The Iranian nuclear standoff has come a step closer to becoming an international crisis, with the possibility of United Nations sanctions looming.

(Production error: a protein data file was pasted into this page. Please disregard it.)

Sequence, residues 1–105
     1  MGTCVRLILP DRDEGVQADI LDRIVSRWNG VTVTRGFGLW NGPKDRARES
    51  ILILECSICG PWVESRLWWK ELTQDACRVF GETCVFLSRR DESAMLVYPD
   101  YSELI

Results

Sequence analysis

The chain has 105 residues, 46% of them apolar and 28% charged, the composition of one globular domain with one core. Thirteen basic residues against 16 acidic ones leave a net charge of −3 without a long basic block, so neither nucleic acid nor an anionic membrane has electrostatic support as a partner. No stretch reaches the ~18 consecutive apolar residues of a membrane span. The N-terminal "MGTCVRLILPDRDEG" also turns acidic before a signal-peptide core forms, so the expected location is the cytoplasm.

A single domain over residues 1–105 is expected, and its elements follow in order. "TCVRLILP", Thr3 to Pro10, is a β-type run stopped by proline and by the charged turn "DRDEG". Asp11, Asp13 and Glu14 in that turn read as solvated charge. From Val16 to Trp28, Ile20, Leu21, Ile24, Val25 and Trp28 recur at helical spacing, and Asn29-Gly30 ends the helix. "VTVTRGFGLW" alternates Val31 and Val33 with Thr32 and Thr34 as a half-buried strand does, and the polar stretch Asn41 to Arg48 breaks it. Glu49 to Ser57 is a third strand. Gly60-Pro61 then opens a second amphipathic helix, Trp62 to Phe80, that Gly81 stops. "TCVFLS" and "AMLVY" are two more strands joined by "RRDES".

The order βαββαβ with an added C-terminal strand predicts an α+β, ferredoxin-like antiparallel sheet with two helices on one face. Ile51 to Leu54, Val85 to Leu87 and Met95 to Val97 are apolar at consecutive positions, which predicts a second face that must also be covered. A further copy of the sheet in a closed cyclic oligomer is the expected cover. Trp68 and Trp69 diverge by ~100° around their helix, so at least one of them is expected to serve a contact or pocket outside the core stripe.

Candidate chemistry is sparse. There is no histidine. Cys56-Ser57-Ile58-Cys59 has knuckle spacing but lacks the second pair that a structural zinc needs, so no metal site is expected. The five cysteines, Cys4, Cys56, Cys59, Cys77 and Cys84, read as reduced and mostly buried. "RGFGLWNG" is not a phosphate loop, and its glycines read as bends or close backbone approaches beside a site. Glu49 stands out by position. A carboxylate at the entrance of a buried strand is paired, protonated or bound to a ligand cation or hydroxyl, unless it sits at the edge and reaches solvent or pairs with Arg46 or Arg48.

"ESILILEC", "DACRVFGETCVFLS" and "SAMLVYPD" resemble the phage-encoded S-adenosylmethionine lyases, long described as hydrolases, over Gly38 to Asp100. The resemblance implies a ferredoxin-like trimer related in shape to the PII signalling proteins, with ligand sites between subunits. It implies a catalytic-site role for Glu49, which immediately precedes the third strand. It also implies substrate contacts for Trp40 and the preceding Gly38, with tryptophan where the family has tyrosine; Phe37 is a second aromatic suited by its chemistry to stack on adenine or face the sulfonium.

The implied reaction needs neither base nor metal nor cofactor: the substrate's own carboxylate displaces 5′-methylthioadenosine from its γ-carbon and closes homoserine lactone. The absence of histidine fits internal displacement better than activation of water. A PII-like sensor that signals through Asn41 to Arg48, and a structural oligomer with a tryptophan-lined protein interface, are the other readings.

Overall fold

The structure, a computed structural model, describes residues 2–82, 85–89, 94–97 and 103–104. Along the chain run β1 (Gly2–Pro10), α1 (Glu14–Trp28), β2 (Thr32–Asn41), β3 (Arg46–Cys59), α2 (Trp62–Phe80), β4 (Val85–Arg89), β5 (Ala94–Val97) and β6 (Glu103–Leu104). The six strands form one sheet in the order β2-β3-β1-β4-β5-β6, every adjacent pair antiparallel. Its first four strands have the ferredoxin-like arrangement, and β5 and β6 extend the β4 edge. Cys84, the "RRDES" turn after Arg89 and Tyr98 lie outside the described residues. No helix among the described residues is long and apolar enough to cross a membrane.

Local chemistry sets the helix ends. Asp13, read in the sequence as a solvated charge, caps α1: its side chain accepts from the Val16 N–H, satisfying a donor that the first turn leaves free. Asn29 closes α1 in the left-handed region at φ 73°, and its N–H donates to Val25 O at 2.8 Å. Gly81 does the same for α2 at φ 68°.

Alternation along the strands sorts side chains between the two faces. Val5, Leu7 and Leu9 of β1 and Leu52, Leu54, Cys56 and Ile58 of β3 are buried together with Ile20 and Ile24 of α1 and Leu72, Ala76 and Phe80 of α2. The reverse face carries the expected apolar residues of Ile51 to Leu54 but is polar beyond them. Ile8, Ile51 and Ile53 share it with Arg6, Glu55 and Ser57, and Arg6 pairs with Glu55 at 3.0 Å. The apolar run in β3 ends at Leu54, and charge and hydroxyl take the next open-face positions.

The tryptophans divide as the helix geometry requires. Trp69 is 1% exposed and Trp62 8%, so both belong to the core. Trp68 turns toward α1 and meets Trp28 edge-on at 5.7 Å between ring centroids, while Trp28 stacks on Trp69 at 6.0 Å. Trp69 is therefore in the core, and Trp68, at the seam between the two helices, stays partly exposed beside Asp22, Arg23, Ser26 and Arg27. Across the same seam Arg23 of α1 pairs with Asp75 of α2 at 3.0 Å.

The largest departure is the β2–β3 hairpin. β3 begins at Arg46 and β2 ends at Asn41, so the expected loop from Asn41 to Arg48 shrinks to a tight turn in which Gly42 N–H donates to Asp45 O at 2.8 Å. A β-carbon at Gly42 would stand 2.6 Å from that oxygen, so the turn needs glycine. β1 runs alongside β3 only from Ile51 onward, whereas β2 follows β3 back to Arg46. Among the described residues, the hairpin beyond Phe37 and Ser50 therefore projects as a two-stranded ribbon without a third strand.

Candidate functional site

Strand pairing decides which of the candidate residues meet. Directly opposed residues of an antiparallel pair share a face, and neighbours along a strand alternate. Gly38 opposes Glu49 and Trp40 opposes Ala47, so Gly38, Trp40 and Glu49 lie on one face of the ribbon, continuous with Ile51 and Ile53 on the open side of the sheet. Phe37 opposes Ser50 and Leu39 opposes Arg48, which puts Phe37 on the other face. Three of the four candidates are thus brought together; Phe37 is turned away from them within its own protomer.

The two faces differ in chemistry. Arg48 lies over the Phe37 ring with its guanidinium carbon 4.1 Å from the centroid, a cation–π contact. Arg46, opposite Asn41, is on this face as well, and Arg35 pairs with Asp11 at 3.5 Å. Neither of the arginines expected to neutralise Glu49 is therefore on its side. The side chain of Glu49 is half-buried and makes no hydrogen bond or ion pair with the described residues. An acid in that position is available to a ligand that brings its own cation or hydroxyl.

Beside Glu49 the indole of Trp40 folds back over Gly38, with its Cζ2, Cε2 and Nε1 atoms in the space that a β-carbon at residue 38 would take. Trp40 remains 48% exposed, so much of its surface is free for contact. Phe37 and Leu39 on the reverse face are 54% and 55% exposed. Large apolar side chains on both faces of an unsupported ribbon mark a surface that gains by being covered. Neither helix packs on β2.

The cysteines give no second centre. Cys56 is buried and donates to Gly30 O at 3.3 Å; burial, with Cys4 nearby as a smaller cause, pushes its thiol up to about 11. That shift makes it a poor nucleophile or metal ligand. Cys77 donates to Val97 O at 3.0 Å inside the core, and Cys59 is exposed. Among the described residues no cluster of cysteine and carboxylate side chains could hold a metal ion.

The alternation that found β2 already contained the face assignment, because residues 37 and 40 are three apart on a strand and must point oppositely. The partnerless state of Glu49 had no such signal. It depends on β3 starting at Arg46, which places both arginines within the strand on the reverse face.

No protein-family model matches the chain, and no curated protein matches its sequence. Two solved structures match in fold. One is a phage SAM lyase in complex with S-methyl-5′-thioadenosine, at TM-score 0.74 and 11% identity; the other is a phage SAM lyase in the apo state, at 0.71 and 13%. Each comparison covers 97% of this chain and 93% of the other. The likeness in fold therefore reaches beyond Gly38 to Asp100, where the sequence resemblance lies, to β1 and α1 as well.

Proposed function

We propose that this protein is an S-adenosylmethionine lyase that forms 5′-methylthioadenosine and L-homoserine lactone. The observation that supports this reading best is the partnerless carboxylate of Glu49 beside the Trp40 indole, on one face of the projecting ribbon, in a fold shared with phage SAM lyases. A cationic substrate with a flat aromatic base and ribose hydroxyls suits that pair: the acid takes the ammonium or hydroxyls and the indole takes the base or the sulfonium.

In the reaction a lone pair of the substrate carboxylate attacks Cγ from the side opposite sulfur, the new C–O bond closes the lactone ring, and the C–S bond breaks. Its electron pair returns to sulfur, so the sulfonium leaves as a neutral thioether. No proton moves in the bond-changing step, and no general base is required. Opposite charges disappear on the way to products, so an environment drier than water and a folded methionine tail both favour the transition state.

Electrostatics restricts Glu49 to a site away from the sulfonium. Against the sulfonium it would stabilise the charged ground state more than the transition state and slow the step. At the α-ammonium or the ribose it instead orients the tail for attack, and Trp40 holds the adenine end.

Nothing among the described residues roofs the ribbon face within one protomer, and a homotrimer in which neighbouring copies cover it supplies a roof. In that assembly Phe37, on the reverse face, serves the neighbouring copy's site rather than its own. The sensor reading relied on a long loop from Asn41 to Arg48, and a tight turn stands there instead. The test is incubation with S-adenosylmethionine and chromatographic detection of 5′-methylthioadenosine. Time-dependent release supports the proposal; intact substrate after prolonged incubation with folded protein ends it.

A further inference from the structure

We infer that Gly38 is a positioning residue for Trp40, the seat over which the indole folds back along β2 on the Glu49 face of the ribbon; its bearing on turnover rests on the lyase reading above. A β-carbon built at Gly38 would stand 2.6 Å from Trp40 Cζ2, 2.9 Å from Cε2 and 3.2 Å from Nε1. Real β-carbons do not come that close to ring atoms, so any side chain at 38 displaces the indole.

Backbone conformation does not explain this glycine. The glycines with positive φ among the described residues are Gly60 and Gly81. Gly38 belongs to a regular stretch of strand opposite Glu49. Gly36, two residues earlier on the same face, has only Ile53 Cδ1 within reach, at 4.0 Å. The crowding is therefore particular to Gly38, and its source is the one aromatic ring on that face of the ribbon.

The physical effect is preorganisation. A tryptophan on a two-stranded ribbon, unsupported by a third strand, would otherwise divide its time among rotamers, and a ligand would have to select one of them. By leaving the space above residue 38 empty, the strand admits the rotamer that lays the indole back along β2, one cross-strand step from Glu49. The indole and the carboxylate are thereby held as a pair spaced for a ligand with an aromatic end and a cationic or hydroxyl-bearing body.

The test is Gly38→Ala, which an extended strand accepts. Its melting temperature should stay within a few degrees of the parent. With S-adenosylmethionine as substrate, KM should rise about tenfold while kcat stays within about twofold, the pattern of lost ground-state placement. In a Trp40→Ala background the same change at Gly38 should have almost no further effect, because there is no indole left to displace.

Tehran has delivered a letter to the UN’s nuclear watchdog, the International Atomic Energy Agency, announcing the resumption of uranium enrichment activities. It follows the failure of the Islamic republic and the European Union to break the diplomatic deadlock. However the speaker of the Iranian parliament has insisted the move does not mean closing the door on the Europeans. “We are willing to continue negotiations,” said Haddad Adel. “Resuming some activities does not signify an end to talks.” The IAEA and the EU have both strongly urged Tehran not to restart uraniumreprocessing. European Commission spokesman Stefaan de Rynck said: “The Commission very much hopes for a negotiated solution. We would also hope that no steps would be taken over the coming days to endanger such a negotiated solution.” But work may have already begun at the uranium reprocessing plant in the central city of Isfahan. It is thought Iran’s action could be intended to pressure Brussels to expand the package of economic incentives it proposed in return for an end to nuclear activity. But that might be a miscalculation by Tehran as EU countries leading the talks are now debating whether to deliver the package. Iran’s move also seems certain to increase pressure from its arch-foe the United States.